Dean Anderson <dean(_at_)av8(_dot_)com> wrote:
ISP customer Spammer posts mail to that ISP's relay with a forged return
address. The recipients reject the message due to SPF. Now the relay sends
a bounce to the "from: address". This message is from the Relay, which
will be valid. So now instead of a a few bounced messages, you get a
bounce for every message blocked.
Is this a *new* attack, or is it an old attack with changed cost?
So far as I can see, this exact same attack can happen when a server
rejects messages from such a relay, independent of SPF. Maybe there
are other methods of MAIL FROM validation which don't have this
"blow-back" property. But I have a hard time seeing how any of them
solve the problem of relays which accept mail that they cannot
deliver, and that they cannot bounce to the correct entity.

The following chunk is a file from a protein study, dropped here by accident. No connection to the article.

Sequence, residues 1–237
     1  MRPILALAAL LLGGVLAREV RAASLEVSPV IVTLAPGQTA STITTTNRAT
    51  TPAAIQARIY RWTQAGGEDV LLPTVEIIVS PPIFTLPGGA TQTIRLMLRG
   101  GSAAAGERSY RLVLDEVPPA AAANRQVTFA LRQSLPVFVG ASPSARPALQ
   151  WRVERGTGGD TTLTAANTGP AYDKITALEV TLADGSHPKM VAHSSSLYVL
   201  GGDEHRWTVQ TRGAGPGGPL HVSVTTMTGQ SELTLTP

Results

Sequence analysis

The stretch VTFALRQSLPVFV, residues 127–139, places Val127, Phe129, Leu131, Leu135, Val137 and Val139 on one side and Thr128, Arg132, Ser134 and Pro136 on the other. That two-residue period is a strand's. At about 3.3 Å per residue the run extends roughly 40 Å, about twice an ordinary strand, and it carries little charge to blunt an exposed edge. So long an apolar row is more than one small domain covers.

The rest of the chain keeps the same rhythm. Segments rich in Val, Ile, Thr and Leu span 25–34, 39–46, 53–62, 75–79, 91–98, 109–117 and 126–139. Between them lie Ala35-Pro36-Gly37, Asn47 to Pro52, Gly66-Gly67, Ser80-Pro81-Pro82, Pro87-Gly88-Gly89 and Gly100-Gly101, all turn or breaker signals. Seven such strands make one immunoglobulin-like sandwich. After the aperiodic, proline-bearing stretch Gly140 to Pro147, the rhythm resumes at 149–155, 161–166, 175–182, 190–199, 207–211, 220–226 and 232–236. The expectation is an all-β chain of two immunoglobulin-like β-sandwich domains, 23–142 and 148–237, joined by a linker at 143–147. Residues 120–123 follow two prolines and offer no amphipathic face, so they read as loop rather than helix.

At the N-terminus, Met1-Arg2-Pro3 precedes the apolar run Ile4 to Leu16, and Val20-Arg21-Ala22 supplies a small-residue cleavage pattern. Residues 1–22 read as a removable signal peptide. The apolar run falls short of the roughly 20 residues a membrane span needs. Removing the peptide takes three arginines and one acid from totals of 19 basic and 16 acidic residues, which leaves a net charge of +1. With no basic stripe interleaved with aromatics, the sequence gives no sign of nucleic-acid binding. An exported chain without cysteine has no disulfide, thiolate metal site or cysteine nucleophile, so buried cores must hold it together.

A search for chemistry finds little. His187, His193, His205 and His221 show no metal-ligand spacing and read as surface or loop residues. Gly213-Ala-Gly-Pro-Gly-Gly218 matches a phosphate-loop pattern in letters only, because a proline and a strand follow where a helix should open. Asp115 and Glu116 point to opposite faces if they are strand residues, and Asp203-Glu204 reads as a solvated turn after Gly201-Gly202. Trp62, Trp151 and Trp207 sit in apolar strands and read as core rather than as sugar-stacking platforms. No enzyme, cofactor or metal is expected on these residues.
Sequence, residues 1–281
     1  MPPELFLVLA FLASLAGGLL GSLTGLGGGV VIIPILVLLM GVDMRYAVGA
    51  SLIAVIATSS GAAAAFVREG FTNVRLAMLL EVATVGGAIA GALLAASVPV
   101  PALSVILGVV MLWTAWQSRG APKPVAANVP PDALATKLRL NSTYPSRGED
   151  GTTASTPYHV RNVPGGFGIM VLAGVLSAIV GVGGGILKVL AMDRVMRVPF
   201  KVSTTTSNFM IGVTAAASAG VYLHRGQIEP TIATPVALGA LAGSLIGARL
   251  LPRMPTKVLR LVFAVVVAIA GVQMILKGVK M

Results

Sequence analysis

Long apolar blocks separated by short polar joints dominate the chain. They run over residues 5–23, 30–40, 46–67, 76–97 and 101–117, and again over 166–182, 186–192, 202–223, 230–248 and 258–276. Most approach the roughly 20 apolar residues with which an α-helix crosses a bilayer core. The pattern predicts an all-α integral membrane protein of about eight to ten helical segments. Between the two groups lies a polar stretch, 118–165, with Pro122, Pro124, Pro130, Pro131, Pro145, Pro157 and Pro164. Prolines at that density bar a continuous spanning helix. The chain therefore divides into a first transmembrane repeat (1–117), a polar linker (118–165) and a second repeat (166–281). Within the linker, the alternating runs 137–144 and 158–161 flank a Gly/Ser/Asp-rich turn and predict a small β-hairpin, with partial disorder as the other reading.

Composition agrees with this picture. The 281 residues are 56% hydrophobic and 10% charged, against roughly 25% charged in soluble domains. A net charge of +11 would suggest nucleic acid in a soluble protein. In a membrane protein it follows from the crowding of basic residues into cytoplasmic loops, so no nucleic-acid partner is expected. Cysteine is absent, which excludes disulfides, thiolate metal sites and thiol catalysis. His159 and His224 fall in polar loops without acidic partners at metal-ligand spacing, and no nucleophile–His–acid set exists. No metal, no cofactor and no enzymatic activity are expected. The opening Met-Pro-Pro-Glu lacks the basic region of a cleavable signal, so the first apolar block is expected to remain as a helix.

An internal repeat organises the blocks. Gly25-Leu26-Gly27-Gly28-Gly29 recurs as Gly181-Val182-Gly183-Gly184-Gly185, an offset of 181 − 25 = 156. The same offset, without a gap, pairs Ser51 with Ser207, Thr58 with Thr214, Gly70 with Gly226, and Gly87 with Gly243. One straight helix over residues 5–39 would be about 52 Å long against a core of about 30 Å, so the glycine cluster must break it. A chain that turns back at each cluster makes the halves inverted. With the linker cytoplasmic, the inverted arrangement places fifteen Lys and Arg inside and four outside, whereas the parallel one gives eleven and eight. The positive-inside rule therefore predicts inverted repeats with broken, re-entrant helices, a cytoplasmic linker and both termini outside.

It is not the case that SPF can be deployed merely with respect to the
sender and recipient. There was significant discussion on this point with
It can be deployed any way anyone wants. Whether there will be side
effects is another story.
Yes, doing MAIL FROM validation will have side effects on relays and
others who use "MAIL FROM foo(_at_)example(_dot_)com" without example.com
knowing. But to be pedantic, that's the whole *point* of MAIL FROM
checking: to know who is using your domain name in MAIL FROM, and to
control their use of that name.
If MAIL FROM validation doesn't allow the domain to control the use
of it's name by an MTA, then MAIL FROM validation is not taking place.
EHLO validation is orthogonal to MAIL FROM validation, for the
simple reason that they're separate fields, and there's not
requirement for the same domain name to appear in both.